Simon Kolstoe and Steve Wood Pages 151 - 158 ( 8 )
Amyloid fibres are stable, persistent and highly ordered aggregates of mis-folded protein that accumulate in tissues and are a prominent feature of the pathology of a wide range of human diseases. The presumed role of amyloid as a causative factor of tissue damage is based largely on guilt by association. However, growing understanding of the nature of amyloid, its formation by a nucleated growth mechanism from destabilised and partially unfolded precursors and its persistence at sites of deposition has provided the foundation for the development of approaches to inhibit amyloid formation and enable its clearance. In spite of intensive study, our understanding of the detailed structure of amyloid itself remains incomplete although crossed-β structure is clearly a common constituent. On the other hand detailed structural understanding of transthyretin, β-secretase and serum amyloid P component is contributing to the design of small molecule compounds to target amyloid. Thyroxin mimetics stabilise the native tetrameric protein structure. β-secretase inhibitors will limit the production of the amyloidogenic Aβ1-42 polypeptide. Compounds that crosslink serum amyloid P component rapidly deplete the plasma and amyloid-βound pool of this protein. The efficacy of these compounds as drugs to prevent formation or enable removal of amyloid will provide a stringent test of the amyloid hypothesis of disease.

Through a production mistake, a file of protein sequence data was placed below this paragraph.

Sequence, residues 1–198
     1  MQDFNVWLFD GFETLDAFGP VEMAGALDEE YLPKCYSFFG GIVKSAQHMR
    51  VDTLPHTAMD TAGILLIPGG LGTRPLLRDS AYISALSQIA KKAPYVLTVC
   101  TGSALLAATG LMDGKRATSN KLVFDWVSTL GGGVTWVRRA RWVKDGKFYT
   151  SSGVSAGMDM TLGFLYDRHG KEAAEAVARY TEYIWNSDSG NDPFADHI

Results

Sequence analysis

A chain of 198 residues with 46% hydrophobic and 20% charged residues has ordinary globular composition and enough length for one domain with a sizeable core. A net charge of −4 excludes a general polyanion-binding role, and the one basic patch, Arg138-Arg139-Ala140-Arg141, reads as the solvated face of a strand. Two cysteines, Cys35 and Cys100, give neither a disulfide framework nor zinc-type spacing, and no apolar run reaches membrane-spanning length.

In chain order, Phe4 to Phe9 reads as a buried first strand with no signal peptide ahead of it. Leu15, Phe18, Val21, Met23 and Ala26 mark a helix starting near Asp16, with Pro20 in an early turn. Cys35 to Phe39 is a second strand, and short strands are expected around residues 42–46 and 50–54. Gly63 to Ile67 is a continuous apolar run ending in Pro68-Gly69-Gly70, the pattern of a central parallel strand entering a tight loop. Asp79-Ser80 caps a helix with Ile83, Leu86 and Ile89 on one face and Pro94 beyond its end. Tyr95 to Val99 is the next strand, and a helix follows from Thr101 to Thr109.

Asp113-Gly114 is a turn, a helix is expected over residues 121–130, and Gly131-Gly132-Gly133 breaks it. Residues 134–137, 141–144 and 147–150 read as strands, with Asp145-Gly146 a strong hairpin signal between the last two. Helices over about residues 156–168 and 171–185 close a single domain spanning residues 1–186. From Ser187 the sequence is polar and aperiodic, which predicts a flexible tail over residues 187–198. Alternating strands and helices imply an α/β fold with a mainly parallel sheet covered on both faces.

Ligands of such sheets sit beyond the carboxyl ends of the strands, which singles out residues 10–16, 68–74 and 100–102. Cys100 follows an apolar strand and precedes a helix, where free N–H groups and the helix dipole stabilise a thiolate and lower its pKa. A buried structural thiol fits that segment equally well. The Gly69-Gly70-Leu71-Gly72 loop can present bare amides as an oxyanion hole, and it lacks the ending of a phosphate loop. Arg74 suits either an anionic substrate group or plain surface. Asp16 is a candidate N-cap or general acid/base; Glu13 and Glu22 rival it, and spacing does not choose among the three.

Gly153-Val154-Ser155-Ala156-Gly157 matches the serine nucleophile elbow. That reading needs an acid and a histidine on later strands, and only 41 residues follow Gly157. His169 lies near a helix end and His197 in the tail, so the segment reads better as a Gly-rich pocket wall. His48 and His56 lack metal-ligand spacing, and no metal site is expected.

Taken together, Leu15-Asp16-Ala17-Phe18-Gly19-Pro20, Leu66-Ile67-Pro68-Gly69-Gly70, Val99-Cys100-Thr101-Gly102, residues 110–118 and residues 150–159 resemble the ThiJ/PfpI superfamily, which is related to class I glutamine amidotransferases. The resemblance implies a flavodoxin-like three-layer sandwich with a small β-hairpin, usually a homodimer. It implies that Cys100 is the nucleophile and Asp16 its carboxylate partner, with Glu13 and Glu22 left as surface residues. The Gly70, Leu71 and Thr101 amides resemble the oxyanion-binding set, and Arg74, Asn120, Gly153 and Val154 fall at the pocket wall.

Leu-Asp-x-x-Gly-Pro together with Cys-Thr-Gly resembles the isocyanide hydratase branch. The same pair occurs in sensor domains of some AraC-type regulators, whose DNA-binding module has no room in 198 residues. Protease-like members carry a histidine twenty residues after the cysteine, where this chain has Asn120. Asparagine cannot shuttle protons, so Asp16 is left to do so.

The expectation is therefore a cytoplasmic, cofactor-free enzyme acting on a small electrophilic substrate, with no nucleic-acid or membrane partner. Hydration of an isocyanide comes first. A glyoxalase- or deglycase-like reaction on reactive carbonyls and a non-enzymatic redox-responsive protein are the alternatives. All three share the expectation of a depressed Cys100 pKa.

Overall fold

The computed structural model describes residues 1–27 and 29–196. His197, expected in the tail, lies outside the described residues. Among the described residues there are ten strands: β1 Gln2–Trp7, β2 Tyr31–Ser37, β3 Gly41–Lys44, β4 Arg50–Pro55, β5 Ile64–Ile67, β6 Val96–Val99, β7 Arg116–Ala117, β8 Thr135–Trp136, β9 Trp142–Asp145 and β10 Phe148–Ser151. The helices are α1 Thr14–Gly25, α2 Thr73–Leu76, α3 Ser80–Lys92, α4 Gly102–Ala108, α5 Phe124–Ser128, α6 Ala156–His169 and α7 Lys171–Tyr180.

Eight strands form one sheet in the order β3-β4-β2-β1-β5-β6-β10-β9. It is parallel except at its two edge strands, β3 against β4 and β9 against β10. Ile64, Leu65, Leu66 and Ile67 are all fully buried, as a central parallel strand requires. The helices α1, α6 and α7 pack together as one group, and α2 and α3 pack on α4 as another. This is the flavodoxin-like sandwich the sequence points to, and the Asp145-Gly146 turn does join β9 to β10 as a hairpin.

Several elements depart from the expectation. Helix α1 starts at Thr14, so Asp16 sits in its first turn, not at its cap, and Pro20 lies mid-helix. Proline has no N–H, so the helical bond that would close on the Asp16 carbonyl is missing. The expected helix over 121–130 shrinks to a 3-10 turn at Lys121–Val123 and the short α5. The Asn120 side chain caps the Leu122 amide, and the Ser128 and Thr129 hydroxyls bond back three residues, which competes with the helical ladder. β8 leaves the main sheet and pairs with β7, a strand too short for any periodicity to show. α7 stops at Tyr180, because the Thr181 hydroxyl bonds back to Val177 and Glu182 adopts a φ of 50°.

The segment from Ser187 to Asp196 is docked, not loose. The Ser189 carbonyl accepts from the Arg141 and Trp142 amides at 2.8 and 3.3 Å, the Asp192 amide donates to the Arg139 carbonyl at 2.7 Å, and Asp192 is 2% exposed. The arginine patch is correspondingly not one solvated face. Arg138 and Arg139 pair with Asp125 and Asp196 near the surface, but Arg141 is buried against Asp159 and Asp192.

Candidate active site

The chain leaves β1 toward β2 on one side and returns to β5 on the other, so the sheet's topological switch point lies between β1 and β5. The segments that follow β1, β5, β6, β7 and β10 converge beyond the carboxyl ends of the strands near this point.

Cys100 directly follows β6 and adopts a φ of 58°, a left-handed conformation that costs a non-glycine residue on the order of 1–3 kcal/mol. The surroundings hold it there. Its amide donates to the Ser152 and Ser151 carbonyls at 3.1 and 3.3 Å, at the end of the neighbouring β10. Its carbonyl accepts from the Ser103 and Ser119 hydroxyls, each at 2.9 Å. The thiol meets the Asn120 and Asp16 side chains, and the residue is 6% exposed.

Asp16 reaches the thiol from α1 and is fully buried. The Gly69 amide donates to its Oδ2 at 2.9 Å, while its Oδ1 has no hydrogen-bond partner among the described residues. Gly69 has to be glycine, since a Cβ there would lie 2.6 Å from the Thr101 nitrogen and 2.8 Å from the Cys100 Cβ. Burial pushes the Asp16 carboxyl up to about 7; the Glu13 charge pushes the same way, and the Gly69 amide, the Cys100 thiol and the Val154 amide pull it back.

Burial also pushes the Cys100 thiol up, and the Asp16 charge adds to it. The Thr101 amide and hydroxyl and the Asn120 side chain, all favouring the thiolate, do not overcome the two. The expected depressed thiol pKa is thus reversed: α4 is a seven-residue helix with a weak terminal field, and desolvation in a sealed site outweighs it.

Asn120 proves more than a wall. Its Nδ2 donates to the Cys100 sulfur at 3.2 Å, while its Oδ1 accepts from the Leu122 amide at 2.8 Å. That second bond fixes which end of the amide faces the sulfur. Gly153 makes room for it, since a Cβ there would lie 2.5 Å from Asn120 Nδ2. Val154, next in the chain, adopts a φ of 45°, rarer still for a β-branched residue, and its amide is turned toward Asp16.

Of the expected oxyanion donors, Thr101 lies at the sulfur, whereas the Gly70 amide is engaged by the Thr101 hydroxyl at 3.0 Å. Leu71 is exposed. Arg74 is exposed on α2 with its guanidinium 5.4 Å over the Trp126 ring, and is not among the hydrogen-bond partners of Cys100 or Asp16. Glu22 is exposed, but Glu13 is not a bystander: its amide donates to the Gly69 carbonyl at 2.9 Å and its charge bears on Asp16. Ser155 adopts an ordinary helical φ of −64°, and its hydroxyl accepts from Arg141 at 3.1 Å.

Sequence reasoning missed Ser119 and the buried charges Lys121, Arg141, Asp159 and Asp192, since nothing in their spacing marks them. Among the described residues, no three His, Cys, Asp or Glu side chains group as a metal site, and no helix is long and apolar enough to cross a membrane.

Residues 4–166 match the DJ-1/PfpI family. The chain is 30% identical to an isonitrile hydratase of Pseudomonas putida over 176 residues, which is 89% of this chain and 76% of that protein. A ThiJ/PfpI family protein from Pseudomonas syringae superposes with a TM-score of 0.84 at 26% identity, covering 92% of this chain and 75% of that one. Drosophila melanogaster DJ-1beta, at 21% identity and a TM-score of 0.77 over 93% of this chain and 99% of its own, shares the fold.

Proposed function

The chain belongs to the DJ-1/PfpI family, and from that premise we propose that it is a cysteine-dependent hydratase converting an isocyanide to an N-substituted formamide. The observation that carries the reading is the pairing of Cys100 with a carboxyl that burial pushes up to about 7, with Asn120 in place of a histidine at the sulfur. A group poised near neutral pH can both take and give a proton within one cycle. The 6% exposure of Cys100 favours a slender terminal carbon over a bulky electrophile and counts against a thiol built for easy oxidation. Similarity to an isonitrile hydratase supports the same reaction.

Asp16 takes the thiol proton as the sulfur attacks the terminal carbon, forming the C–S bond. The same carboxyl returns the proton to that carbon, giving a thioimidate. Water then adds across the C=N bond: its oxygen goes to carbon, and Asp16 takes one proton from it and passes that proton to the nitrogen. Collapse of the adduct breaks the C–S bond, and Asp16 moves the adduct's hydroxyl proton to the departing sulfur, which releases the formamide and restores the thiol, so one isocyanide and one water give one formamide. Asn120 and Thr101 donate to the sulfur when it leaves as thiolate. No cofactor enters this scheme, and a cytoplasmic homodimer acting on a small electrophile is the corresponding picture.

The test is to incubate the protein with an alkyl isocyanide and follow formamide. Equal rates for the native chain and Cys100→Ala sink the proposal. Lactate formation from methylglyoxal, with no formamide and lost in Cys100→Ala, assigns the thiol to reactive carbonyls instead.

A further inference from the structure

Amyloid Diseases, tetrameric protein, serum amyloid
Division of Biochemistry and Molecular Biology, School of Biological Sciences, University of Southampton, Bassett Crescent, East Southampton SO17 7PX Hants, UK.